Wednesday, May 17, 2006


Reading the Clues at PMQs

Watching PMQs today provided a few pointers, I thought on the current state of our politics:

1. Blair
A much happier day today than last week. His body language was more positive and he was sufficiently combative against Cameron to rally his troops; unlike last week when they remained silent, he received some vocal support. Perhaps his enemies in the party have called a tacit truce. But my feeling was that he is still, as Cameron claimed, 'rattled.'

2 Cameron
As eager and aggressive as ever but the 'force' was not quite as with him this week as last. He ought to tone down the volume a little as a shrill tone tends not to catch the mood. Maybe could have chosen better topics too. The hopeless performance by the senior Home Ofice official in front of yesterday's Public Administration Committee, not to mention the Cabinet secretary's admission no-one had been disciplined for the foreign prisoners debacle, offered something of an open goal which I felt Cameron rather miffed.

3. Ming
Derided last week, he had something, a lot perhaps, to prove today. But I'm afraid he didn't regain any lost ground, even though he played conspicuously safe-clear evidence of his travails- by asking short questions and staying on the familiar ground of foreign affairs. But his questions on withdrawal from Iraq and Guntanamo had no real bite and rather than bounce off the PM, they barely crawled their way across the House to reach him. Blair did, however, in his answer, say explicitly that the camp should be closed, which I think is a first, so maybe Ming can claim a crumb of comfort from that.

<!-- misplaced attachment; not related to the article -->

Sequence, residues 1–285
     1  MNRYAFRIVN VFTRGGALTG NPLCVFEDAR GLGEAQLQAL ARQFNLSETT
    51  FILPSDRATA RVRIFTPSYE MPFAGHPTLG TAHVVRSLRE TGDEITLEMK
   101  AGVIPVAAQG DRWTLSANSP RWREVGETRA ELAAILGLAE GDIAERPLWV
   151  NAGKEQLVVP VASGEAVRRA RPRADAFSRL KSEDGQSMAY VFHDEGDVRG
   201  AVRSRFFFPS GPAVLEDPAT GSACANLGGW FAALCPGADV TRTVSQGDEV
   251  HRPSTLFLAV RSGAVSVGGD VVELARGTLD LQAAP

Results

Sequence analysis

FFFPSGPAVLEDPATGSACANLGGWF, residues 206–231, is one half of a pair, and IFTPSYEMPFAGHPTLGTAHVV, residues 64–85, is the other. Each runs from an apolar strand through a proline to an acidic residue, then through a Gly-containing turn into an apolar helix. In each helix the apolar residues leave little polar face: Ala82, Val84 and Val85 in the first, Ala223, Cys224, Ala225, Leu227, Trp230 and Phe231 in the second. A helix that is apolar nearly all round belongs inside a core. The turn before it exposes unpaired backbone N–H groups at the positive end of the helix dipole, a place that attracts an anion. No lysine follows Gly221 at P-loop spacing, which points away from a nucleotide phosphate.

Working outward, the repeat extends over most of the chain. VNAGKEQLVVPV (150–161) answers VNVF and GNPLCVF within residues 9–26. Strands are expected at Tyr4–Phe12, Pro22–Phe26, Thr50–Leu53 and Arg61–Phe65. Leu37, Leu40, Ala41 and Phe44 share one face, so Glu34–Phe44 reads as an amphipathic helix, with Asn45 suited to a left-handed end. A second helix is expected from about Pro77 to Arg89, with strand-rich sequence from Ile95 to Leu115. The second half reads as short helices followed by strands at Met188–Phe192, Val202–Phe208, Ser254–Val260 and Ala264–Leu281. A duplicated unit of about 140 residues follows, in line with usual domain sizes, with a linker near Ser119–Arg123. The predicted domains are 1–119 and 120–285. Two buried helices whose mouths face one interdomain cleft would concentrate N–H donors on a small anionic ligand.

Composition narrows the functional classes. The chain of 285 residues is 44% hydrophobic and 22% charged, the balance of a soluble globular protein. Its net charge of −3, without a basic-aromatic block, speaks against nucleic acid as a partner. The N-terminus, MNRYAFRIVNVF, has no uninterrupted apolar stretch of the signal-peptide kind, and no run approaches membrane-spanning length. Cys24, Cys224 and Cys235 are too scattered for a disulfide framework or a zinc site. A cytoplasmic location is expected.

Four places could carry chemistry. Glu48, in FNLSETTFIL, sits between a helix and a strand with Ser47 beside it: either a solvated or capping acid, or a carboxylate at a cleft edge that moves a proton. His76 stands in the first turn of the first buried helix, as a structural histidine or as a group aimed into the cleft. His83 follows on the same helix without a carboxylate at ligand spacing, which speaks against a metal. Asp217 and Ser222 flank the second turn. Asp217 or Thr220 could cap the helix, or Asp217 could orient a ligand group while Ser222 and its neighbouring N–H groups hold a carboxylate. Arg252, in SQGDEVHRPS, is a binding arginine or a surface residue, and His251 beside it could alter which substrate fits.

4. Too much Noise
One thing I noted from today's and recent PMQs, is that the background hubbub is far too loud. Blair had to lean back straining to hear Paisley through the back of seat microphone. Why doesn't Mr Speaker intervene with more force one asks? Oh, and John Prescott made his first utterence in the house since the embarrassments of recent weeks. I had anticpated he would be laughed to scorn, but it is unwise to underestimate the resilience of the self constructed carapace behind which senior politicians shelter.

He's back, and like Blair, will hope for some error-up free weeks or months to settle the ship and restore an impression of normality. But the atmosphere is still febrile and it would only need another cock-up to put Blair's back right back against the wall.

An interesting analysis. I agree that Cameron sounds far too shrill in the chamber. He can even sound boyish, especially when juxtaposed against Blair. Cameron still lacks - indeed is nowhere near reaching - the sense of a "prime minister in waiting" created by Blair, 1994-97.

My analysis of this week's PMQs may be found here -
Bill, I agree with your comment on the Speaker. I can feel a 'greatest speakers of our time' list coming on. Go on, you know you want to....
Wish I knew enough about Speakers to do one but I fear that's for the Study of Parliament Group wonks like Philip Norton
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